Li Zhiguo, a lawyer specialising in overseas investment, told chinadialogue that Chinese state-owned firms are too fixated on obtaining raw materials rather than understanding local legal environments, and that they lack a mature “corporate culture.” Any of these factors can cause an investment to fail.

Wu Guoping thinks there are at least two factors that lead to Chinese firms causing controversy and incurring reputational damage when it invests abroad.

First, Chinese companies mainly invest in resources and mining, where there is a higher risk of environmental impacts. Second, investments are mostly undertaken by large SOEs in state-led economies, which means they do not face the same pressures to be competitive under market rules.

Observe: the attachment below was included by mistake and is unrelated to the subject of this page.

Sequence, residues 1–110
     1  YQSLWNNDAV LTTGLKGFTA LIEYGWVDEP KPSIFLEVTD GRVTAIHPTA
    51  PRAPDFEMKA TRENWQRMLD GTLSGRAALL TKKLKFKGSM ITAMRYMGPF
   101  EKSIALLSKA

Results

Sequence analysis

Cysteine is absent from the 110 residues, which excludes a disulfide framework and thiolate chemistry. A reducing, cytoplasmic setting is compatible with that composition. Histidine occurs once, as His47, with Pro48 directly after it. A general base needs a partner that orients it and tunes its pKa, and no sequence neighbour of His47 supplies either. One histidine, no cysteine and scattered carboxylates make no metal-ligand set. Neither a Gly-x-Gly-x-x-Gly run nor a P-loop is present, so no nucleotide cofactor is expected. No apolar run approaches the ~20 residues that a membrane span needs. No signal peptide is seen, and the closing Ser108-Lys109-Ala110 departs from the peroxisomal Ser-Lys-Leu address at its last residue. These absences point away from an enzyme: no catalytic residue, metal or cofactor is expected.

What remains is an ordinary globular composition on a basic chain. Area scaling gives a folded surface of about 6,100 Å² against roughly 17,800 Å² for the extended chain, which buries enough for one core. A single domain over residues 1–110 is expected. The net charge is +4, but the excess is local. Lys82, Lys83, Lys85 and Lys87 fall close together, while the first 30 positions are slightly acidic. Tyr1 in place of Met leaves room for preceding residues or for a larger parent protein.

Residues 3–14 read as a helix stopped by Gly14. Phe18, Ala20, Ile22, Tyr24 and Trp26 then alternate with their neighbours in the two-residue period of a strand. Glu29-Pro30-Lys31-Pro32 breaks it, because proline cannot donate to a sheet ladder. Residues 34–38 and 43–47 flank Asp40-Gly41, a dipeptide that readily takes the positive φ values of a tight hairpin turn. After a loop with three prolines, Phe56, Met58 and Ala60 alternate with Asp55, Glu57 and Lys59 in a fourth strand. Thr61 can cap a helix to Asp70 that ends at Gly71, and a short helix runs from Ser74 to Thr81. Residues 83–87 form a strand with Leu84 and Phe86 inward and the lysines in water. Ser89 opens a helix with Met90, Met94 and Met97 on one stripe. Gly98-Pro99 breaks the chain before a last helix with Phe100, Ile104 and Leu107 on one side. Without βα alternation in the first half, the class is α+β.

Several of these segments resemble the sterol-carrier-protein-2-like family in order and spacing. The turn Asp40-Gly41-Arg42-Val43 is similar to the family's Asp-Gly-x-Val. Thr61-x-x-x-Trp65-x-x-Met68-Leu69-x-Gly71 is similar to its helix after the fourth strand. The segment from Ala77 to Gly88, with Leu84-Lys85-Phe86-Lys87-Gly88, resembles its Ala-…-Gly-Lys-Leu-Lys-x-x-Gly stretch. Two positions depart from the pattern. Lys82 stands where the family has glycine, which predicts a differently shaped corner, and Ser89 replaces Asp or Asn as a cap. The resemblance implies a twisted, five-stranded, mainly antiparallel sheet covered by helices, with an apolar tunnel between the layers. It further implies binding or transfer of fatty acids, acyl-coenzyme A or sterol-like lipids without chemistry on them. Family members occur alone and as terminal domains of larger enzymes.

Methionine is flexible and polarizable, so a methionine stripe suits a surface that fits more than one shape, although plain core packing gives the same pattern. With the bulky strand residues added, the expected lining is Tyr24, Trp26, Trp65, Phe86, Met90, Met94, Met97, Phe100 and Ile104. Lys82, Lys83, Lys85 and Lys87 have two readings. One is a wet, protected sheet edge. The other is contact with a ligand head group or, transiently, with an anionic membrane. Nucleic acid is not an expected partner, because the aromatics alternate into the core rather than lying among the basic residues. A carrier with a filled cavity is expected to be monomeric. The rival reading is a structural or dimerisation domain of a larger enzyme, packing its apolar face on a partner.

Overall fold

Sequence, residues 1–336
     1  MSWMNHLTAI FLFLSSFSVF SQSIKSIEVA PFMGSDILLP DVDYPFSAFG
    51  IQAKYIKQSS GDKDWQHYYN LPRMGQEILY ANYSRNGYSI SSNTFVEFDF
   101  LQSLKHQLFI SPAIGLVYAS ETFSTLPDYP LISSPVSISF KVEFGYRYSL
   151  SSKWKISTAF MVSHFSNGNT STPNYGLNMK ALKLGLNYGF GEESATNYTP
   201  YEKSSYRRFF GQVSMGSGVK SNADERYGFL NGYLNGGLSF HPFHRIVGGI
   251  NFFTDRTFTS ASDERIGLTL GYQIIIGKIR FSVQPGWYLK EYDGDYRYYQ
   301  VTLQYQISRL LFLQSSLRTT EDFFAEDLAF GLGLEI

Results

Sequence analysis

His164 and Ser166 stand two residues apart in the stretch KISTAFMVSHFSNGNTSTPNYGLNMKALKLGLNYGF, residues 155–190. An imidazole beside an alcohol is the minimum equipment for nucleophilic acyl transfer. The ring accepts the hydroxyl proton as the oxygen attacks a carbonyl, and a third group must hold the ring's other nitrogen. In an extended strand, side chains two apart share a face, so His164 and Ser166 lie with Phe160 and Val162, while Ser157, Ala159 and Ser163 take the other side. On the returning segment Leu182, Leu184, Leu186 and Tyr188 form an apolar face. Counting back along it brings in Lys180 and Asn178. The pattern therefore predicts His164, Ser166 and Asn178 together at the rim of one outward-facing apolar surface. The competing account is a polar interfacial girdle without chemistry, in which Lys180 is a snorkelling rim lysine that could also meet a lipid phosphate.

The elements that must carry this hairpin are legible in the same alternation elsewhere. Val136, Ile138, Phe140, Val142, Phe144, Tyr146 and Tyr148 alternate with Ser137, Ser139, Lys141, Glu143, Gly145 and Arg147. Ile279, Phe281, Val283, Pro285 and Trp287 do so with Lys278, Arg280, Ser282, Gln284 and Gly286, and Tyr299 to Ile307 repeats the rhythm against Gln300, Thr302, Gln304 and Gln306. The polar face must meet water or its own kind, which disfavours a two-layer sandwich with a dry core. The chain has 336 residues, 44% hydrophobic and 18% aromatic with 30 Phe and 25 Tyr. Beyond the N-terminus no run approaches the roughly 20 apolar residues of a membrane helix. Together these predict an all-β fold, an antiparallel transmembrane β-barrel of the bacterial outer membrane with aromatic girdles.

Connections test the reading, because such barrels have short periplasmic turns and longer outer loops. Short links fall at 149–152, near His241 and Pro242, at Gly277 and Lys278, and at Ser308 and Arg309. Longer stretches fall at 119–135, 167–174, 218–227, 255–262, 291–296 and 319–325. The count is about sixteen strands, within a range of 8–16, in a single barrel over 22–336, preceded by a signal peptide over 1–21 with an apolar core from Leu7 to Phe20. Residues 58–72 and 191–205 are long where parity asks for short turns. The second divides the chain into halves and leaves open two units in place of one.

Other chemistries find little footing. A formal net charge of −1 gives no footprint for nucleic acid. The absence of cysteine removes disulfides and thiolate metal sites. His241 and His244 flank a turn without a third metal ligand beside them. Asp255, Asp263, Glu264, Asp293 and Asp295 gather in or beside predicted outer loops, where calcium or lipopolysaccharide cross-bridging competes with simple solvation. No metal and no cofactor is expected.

Wu thinks Chinese firms need to look deeper into what the rate of return on an investment will be. This is particularly the case when investing in infrastructure in Latin America. More in-depth research on how infrastructure is built and managed is needed to ensure both economic and social benefits result from the project.

Wu says that as China’s overseas investments expand, the competitiveness of Chinese firms in Latin American markets will increase, gradually creating a more balanced market dialogue mechanism. This would see Chinese firms earn respect as informed financial market players as well as helping avoid unnecessary investment risks on both sides.